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Alphabet soup - the unpredictability of marking in A Level Politics
Cambridge Assessment tell us that ‘more than half of teachers’ grade predictions are wrong’ at A level. There is an implication behind this headline that many teachers don’t know their students and perhaps have to be ‘put right’ by the cold hard reality of exam results.
What Cambridge Assessment neglect to say is that greater accuracy in predicting A level module results would actually need prophetic powers. No teacher, however good, can predict module results with any reliability because many results are VERY unpredictable. I teach history and politics, humanities subjects and so likely to have the less consistent results than subjects like sciences. Our history results have been relatively predictable of late but our A level politics results are another matter.
To illustrate we will now play a game. Your job is to look at a selection of real data from this year and predict each student’s results using their performance in previous modules as a guide. You might think that perhaps your lack of knowledge of each student’s ability will be a hindrance to your ability to make accurate predictions. Hmm well, we’ll see! (If you are a party pooper and don’t want to play you can scroll forward to the last table and see all the answers…)
It may help you to know that in politics the two AS and the two A2 modules follow similar formats and are of similar difficulty (perhaps Unit 2 is a little bit harder than Unit 1) and so a teacher will probably predict the same grade for each module as there is no reason why grades will vary markedly between modules that a teacher can anticipate. The A2 modules are a bit harder than AS modules and so a teacher will bear this in mind when predicting A2 results with the AS grades in front of them. (That said students mature and frequently do better at A2 than AS so this isn’t an entirely safe trend to anticipate.)
So using the Unit 1 grades on the first table below, what might you predict for these students’ Unit 2 module? (Remember the teacher will necessarily have given the exam board the same predicted grade for Unit 1 and 2.)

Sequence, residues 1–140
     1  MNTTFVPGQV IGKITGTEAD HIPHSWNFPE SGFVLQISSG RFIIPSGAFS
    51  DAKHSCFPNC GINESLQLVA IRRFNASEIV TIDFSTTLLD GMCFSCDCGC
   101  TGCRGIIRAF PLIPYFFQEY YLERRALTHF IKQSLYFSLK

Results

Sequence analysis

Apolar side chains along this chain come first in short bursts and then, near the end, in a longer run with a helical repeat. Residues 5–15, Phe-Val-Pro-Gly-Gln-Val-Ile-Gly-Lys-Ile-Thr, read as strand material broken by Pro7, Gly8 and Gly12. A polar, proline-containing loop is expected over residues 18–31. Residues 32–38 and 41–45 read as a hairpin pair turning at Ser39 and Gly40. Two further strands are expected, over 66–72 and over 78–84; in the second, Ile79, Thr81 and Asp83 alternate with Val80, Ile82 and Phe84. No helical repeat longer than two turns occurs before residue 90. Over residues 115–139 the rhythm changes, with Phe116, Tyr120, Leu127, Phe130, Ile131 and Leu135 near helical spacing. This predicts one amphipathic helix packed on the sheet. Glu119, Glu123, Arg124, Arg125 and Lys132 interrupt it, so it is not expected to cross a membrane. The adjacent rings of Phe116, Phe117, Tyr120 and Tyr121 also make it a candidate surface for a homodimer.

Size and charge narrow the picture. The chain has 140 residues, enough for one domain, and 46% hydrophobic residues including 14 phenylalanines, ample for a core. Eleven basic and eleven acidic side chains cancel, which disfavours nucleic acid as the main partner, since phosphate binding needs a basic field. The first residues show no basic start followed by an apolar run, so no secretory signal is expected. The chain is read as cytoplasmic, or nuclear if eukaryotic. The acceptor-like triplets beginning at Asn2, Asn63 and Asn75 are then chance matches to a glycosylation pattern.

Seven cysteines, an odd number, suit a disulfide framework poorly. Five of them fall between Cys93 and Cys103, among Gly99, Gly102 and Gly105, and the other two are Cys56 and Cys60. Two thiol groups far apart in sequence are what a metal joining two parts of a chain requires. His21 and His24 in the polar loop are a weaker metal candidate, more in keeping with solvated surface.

(The overall results will soon be in the public domain and I have anonymised the students by not including the whole cohort (which was 19) and not listing numerical results (which interestingly would actually make prediction even harder if included). I have not listed results at retake as these would not be available when predictions were made. We use Edexcel.)
Check the table below to see if you were right.
Were you close? Did you get as much as 50%? If you simply predicted the same grade for Unit 2 as scored in Unit 1 (as teachers generally would) you could have only got 7/19 of the full cohort correct.
Now don’t look at the table below until you have tried to predict the first A2 grade! Go on! Just jot down your predictions on the back of an envelope. (Isn’t this fun?)
Rather an unpredictably steep drop there! It was all the more puzzling for us given that our A2 history results (same teachers and many of the same students) were great.
If you’ve got this far why not predict the final module?
We have no idea why there is a steep drop at A2 this year. Perhaps our department didn’t quite ‘get’ how to prepare our students for these papers in particular. I doubt it – but if so what does this say about our exams if seasoned and successful teachers can fail to see how to prepare students for a particular exam despite much anxious poring over past papers and mark schemes? Our politics AS results were superb this year for both modules. Our department’s History results were fantastic at AS and A2. These results were entirely UNPREDICTABLE. Or to put it another way, they were only predictable in the sense that we anticipated in advance that they would look like alphabet soup – because they often do.
The first point that should be clear is that no teacher could possibly predict these module results. To even make the statement ‘more than half of teachers’ grade predictions are wrong’ is to wilfully mislead the reader as to what the real issue is here.
In fairness, it might feel like the grades have been created by a random letter generator but the results aren’t quite random. Some very able students, such as candidate 10, get As on all papers and would only ever have had A predictions. The final grades of our students were generally within one grade of expectations so the average of the four results has some validity. This said, surely there is a more worrying headline that the TES should have run with?
Just how good are these exams at reliably discriminating between the quality of different candidates? It is argued that marking is reliable but what does this then tell us about the discriminatory strength of the exams themselves or their mark schemes? It can’t have helped that there were only 23 marks (out of 90) between an A and an E on Unit 3 or 24 marks between those grades on Unit 4. I have discussed other reasons I think may be causing the unpredictability here and here.
Not all exams are as unpredictable as our Government and Politics A level but if we want good exams that reliably and fairly discriminate between students we need to feel confident we know why some exams have such unpredictable outcomes currently. Ofqual has been moving in that direction with their interesting studies of maths GCSE and MFL at A level. As well as being unfair in its implication the Cambridge Assessment headline is simply unhelpful as it obscures the real problems.
Heather Fern is Head of Politics at Cranleigh School. She tweets @HeatherBellaF.